According to a top executive at AirAsia India, the airline is testing how much fuel it can save by employing taxibots — equipment that allows planes to taxi without engines running — on two modified planes before considering using it across the entire fleet.
After retrofitting two of its A320 aircraft, AirAsia India began deploying taxibots to tow them at the Delhi international airport on November 23 of last year.
Taxibot is a semi-autonomous, towbarless aircraft movement system that tows an aeroplane from the terminal gate to the take-off location (taxi-out phase) and back to the gate after landing (taxi-in phase).
When the taxibot is in use, the aircraft engines are turned off.
Surinder Bansal, Vice President, Engineering, AirAsia India, said to PTI when asked how much money the airline had saved so far thanks to the taxibot, “It’s being researched… Modification costs vs savings are still being weighed for fleet-wide implementation.”
Taxibot is reliant on ground equipment, which is now only available at the Delhi airport, he explained.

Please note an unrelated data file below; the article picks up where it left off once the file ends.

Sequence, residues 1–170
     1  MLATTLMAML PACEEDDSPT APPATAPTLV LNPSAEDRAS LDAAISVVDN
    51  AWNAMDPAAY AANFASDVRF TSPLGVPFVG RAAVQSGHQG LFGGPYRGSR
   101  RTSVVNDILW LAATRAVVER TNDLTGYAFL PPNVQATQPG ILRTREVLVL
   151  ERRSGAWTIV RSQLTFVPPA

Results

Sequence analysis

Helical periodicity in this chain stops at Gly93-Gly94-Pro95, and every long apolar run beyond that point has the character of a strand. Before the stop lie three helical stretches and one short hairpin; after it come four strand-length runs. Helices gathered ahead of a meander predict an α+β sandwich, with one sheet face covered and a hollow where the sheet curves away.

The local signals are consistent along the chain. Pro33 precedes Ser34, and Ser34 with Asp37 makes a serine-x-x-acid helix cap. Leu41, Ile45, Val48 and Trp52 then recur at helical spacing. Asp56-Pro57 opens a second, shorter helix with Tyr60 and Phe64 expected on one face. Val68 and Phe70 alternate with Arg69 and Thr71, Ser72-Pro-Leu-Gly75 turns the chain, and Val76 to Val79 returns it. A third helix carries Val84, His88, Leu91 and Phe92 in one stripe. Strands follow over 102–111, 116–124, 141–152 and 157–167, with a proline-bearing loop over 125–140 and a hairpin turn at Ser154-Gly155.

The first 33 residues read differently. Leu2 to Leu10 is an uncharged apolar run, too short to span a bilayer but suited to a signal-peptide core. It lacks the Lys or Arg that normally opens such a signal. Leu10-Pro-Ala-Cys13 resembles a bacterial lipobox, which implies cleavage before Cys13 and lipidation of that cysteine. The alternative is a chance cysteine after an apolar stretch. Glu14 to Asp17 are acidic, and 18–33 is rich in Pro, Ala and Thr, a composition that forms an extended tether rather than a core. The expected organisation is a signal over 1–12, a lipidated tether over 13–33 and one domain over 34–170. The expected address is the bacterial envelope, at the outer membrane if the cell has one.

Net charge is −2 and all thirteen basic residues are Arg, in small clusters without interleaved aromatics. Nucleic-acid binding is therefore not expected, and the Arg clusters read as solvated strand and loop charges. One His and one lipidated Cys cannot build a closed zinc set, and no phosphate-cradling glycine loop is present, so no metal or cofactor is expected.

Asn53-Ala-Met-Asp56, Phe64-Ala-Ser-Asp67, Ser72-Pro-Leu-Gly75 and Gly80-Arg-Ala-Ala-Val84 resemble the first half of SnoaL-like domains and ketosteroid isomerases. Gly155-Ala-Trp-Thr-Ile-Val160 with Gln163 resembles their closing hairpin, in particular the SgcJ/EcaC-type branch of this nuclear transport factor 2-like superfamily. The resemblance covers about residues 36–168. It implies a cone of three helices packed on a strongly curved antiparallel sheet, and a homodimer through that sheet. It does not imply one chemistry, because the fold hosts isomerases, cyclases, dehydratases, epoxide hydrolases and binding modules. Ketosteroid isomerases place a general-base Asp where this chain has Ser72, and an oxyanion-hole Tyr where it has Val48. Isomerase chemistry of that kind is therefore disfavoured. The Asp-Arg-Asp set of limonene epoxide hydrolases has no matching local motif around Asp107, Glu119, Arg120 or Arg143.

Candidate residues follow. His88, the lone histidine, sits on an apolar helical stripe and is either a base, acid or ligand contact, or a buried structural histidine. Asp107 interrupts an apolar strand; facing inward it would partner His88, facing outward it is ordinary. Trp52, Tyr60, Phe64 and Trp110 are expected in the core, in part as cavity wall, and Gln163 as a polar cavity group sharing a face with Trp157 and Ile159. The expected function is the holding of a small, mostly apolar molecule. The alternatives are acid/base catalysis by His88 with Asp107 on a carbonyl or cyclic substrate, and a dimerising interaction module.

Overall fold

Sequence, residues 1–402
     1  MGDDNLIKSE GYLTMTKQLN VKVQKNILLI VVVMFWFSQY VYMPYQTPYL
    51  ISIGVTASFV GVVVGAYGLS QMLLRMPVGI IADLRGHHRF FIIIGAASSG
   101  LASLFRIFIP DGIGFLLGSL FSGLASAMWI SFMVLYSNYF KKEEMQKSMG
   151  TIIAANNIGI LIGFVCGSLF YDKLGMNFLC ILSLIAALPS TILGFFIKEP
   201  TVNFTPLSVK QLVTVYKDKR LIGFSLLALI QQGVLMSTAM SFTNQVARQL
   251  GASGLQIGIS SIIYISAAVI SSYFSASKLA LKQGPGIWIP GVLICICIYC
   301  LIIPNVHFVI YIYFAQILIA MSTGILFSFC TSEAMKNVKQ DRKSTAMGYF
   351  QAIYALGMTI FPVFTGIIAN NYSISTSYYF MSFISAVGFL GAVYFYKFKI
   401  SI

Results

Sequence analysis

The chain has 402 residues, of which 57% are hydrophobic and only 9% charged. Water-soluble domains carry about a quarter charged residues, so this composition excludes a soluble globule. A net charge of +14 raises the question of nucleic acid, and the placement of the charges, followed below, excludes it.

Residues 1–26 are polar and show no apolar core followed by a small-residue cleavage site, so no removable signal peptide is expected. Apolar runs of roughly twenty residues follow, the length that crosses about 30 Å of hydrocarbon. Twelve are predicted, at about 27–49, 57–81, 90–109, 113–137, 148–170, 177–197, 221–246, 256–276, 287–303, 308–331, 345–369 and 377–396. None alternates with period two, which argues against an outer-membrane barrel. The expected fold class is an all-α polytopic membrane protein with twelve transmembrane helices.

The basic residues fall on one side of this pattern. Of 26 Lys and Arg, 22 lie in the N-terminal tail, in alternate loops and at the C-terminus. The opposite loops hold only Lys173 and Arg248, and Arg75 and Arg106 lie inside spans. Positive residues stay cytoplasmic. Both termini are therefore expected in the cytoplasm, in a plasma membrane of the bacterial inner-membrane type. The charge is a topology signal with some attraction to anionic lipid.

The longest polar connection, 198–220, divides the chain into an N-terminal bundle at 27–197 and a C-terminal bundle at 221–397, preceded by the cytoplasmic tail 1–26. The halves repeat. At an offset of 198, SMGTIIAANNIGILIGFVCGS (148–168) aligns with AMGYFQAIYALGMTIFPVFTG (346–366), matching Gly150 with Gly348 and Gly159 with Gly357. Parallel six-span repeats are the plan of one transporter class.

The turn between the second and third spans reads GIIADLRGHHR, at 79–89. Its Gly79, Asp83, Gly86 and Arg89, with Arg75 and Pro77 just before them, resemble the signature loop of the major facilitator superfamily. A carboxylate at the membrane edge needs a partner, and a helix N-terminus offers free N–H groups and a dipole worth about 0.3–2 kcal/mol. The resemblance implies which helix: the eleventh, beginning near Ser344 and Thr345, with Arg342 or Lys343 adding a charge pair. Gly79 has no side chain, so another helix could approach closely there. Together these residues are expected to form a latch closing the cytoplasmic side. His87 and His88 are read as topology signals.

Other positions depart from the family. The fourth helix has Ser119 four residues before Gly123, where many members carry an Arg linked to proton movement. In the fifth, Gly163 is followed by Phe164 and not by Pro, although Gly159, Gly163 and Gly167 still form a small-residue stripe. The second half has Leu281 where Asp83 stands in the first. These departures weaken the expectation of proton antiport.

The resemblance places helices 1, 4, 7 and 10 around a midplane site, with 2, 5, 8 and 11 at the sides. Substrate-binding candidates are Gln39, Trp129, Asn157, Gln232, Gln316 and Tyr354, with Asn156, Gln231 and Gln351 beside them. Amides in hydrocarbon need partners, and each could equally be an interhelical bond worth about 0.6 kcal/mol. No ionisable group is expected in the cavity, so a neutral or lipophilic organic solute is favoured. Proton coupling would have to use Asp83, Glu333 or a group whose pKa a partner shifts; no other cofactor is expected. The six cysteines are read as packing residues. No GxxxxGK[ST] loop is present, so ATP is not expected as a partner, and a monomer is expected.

Bansal stated, “We can operate up to two taxibots per aircraft every week.”
According to him, AirAsia India spent roughly USD 2,000 (Rs 76) on each of the two A320 aircraft to convert them for taxibot operations.
The airline’s taxibot services are supplied in conjunction with KSU Aviation, a Delhi-based startup.
Taxibot, in addition to conserving fuel, minimises carbon dioxide emissions and noise levels at airports, according to Bansal.
“Starting engines later helps prevent ‘foreign object damage,’ or something from the ground being pulled into the engine and damaging it, as well as boosting safety in the airport’s apron area,” he explained.
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